It might be nice to begin with the observation that Agile, while born in the software development world, was nonetheless preceded by insights in manufacturing. Originating from process innovations at the Toyota Motor company in the 50s, today Lean is considered the (or at least a) ‘mother’ of Agile.
After its success in the manufacturing world, the Lean methodology was then adapted to what’s known as ‘Lean for IT’ – and the Agile manifesto followed partially from that concept in 2001. The Agile way of working differs from Lean approaches by introducing a preference for team-level autonomy and short feedback loops, but it also pays healthy tribute to Lean’s continuous improvement, its just-in-time production concept and its focus on eliminating waste.
While Agile approaches were initially wholly software-oriented, Lean-Agile ideas hold real promise regardless of whether you’re developing a product or a piece of code. Eliminating bureaucracy, increasing adaptiveness, and focusing on customer value are values that all carry over to different areas and with developments such as Scrum, modular architecture and eXtreme manufacturing, we’re seeing teams outside of software development adopting Agile ideas.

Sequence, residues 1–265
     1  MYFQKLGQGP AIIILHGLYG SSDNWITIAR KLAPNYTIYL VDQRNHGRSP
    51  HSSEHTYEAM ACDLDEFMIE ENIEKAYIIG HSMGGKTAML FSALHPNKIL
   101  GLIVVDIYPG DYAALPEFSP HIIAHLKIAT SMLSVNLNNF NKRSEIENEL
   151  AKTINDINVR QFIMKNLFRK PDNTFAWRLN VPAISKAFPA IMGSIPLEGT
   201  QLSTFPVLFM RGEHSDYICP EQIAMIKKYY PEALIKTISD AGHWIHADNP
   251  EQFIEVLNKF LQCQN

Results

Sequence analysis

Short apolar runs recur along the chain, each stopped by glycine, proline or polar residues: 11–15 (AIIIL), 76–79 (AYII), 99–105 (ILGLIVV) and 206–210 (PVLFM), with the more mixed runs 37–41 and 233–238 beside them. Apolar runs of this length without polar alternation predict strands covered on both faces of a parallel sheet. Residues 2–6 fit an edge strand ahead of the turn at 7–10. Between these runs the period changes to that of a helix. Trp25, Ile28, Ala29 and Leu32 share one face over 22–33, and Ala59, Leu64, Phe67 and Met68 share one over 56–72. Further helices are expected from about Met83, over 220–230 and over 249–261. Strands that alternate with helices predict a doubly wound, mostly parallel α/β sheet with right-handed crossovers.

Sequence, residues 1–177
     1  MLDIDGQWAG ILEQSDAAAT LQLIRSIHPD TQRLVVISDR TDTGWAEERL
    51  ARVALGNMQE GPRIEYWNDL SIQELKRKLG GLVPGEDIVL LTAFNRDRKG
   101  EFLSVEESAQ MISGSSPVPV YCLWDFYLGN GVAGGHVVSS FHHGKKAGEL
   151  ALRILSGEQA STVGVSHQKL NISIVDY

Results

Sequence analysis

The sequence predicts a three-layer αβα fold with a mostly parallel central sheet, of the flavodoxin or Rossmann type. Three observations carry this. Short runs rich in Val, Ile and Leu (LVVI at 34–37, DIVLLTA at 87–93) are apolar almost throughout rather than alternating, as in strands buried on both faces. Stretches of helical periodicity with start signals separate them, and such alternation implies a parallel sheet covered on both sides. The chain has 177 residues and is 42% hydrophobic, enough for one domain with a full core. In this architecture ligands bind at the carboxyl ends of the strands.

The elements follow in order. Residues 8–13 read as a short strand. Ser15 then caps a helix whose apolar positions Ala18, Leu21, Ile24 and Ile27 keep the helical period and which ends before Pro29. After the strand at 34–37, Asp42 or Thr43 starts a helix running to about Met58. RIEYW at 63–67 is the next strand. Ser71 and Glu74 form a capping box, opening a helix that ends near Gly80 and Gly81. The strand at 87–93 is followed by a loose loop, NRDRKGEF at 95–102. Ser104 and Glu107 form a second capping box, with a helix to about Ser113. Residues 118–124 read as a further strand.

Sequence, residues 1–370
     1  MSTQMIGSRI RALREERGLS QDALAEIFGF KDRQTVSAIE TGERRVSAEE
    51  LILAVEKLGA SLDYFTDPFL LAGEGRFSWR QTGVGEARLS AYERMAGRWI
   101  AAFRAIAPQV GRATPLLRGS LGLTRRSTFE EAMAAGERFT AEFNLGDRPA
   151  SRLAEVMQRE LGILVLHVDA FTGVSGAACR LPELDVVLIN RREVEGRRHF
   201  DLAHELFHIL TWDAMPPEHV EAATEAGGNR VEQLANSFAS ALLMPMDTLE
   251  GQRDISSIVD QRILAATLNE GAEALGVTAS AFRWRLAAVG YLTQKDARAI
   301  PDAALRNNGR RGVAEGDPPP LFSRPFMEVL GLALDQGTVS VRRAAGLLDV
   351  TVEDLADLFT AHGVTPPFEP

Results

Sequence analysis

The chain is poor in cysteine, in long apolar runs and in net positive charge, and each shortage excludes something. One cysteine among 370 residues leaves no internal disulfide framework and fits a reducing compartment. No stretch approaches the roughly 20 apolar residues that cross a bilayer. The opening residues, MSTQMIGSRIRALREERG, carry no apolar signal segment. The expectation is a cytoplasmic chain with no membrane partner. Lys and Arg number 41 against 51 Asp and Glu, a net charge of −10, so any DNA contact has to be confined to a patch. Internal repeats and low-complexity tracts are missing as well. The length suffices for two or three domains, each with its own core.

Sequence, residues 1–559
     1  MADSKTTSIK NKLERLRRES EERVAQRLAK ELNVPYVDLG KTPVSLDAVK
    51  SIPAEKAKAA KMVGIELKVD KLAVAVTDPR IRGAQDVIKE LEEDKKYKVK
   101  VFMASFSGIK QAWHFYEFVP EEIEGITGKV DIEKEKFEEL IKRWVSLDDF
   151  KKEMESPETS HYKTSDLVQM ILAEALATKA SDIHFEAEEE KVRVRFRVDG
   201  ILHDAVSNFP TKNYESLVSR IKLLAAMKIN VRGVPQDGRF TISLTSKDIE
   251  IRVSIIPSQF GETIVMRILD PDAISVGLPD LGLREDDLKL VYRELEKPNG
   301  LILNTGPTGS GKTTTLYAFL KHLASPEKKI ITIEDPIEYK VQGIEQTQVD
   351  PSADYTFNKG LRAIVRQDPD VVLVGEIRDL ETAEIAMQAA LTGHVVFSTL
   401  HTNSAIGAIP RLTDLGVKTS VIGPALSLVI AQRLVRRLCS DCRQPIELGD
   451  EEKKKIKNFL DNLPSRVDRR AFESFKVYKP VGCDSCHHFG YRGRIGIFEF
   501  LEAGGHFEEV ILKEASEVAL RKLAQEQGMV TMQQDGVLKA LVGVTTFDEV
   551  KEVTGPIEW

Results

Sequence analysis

The home-grown Gladwell course Agile for Hardware was entirely developed with this development in mind.
When it comes to scaling either Agile or Lean – or leveraging the strengths of both simultaneously, such as with the Scaled Agile Framework – you face a lot of the same challenges. Neither methodology is ‘easier’ than the other.
Scaling up any kind of organizational change is inherently difficult: getting to understand the system, redesigning value streams and trying to spread the change all the way from work floor to management is never an easy task. While Lean has a more solid foundation for scaling up, Agile is constantly trying to improve, change and experiment with the way things are being done… it’s starting to shake these existing structures.